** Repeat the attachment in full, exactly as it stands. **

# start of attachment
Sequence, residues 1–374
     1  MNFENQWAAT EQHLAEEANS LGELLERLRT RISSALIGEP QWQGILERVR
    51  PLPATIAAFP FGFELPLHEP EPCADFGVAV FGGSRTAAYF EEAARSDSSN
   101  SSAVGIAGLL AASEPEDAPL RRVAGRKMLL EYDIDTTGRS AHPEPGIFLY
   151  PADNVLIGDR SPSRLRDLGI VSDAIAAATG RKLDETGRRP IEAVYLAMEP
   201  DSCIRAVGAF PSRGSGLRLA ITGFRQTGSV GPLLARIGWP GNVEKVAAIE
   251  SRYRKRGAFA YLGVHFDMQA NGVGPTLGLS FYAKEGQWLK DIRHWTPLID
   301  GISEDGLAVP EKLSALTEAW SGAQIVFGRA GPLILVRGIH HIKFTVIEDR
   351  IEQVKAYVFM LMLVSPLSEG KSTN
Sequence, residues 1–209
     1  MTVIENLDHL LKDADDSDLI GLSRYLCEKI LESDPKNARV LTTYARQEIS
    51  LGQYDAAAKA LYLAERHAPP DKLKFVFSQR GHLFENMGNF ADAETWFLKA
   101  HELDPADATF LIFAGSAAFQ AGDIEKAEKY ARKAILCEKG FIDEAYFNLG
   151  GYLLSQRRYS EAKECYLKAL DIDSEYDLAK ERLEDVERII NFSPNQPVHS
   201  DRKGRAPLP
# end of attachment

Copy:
Sequence, residues 1–374
     1  MNFENQWAAT EQHLAEEANS LGELLERLRT RISSALIGEP QWQGILERVR
    51  PLPATIAAFP FGFELPLHEP EPCADFGVAV FGGSRTAAYF EEAARSDSSN
   101  SSAVGIAGLL AASEPEDAPL RRVAGRKMLL EYDIDTTGRS AHPEPGIFLY
   151  PADNVLIGDR SPSRLRDLGI VSDAIAAATG RKLDETGRRP IEAVYLAMEP
   201  DSCIRAVGAF PSRGSGLRLA ITGFRQTGSV GPLLARIGWP GNVEKVAAIE
   251  SRYRKRGAFA YLGVHFDMQA NGVGPTLGLS FYAKEGQWLK DIRHWTPLID
   301  GISEDGLAVP EKLSALTEAW SGAQIVFGRA GPLILVRGIH HIKFTVIEDR
   351  IEQVKAYVFM LMLVSPLSEG KSTN
Sequence, residues 1–209
     1  MTVIENLDHL LKDADDSDLI GLSRYLCEKI LESDPKNARV LTTYARQEIS
    51  LGQYDAAAKA LYLAERHAPP DKLKFVFSQR GHLFENMGNF ADAETWFLKA
   101  HELDPADATF LIFAGSAAFQ AGDIEKAEKY ARKAILCEKG FIDEAYFNLG
   151  GYLLSQRRYS EAKECYLKAL DIDSEYDLAK ERLEDVERII NFSPNQPVHS
   201  DRKGRAPLP